Printing technology is continually evolving and this evolution is likely to lead to new methods for lottery ticket production. For example, improved encryption technology could result in the creation of more secure lottery numbers. Likewise, newly developed chemical methods of concealing lottery numbers could produce less expensive tickets than those currently used. Perhaps of more interest for the future are alternate ways in which games may be played. One method under consideration by the lottery commission involves a video terminal instead of a paper ticket. It is conceivable that at some time in the future, an instant lottery game could even be played over the Internet on a personal computer.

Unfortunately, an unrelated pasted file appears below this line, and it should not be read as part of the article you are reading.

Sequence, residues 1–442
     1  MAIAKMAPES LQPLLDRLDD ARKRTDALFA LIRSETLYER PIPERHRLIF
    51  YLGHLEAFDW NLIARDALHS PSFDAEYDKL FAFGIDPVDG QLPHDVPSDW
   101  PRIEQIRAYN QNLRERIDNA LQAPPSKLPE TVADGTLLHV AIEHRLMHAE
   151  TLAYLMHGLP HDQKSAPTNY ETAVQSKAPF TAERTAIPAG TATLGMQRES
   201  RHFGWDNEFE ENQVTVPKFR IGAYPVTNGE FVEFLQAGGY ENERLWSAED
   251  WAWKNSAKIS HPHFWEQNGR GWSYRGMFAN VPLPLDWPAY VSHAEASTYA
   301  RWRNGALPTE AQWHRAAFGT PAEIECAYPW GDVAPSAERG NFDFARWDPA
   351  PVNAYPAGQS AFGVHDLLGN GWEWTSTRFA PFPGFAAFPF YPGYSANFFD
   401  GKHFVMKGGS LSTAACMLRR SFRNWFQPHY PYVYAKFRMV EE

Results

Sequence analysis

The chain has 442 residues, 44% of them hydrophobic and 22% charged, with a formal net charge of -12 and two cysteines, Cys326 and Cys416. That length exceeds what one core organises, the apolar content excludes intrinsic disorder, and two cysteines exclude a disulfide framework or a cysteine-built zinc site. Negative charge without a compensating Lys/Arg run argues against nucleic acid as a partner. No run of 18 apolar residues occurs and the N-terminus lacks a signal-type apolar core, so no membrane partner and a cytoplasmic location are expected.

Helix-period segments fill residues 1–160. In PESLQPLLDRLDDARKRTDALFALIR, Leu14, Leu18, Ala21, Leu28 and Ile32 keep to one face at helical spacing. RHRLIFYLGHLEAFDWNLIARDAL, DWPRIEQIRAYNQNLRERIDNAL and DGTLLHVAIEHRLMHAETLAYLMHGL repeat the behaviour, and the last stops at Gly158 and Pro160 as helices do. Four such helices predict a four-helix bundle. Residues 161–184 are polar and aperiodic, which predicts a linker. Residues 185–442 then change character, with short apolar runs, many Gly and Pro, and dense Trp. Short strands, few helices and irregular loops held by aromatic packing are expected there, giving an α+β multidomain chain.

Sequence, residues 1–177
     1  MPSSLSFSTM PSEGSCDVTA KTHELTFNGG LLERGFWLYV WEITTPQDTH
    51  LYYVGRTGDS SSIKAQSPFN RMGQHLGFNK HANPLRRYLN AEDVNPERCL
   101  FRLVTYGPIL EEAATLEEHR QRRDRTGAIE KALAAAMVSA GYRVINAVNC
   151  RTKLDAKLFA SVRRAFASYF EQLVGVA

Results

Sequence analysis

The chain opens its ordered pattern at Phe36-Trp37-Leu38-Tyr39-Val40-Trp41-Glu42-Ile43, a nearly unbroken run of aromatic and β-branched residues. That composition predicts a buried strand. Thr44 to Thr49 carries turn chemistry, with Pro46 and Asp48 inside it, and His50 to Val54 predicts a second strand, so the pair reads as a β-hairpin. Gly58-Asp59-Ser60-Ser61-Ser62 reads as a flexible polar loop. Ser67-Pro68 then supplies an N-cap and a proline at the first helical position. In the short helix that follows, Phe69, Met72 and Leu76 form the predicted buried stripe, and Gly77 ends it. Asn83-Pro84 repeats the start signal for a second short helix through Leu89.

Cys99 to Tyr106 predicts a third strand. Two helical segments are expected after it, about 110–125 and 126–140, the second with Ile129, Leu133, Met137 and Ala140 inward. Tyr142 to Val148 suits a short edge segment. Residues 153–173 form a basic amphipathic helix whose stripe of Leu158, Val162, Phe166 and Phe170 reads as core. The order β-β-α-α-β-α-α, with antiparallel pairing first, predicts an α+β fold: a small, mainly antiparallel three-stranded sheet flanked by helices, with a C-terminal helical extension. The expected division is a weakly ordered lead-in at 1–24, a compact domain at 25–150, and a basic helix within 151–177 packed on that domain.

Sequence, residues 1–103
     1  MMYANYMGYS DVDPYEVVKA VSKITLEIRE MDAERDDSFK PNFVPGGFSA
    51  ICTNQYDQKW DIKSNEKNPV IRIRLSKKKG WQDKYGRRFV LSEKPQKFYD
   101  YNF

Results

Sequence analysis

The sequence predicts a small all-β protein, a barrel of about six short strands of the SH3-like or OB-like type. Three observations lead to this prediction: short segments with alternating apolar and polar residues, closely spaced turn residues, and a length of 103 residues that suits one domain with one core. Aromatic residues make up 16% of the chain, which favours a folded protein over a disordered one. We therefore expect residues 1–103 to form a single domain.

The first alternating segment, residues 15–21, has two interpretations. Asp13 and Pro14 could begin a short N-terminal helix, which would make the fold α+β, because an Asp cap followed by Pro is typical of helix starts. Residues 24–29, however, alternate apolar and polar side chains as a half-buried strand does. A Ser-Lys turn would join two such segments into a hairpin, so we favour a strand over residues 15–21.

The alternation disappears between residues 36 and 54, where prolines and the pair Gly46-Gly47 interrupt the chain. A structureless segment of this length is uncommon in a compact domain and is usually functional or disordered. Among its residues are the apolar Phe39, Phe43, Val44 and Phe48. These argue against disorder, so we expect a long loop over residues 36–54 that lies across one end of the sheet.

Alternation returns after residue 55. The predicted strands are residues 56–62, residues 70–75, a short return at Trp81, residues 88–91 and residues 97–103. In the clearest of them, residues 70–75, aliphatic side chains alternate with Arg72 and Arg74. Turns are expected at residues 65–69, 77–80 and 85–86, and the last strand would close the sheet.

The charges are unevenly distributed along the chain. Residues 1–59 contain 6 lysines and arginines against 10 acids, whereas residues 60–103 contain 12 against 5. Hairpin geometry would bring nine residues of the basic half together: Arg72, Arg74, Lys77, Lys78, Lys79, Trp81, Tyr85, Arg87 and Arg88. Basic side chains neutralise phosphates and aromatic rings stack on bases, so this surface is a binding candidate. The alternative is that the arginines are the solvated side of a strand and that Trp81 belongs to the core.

Johnson, Ben E. Getting Lucky-Answers to Nearly Every Lottery Question You Can Ask. Chicago: Bonus Books, 1994.
The Lottery Collectors' Society. 1007 Lutrell St., Knoxville, TN 37917.
— Randy Schueller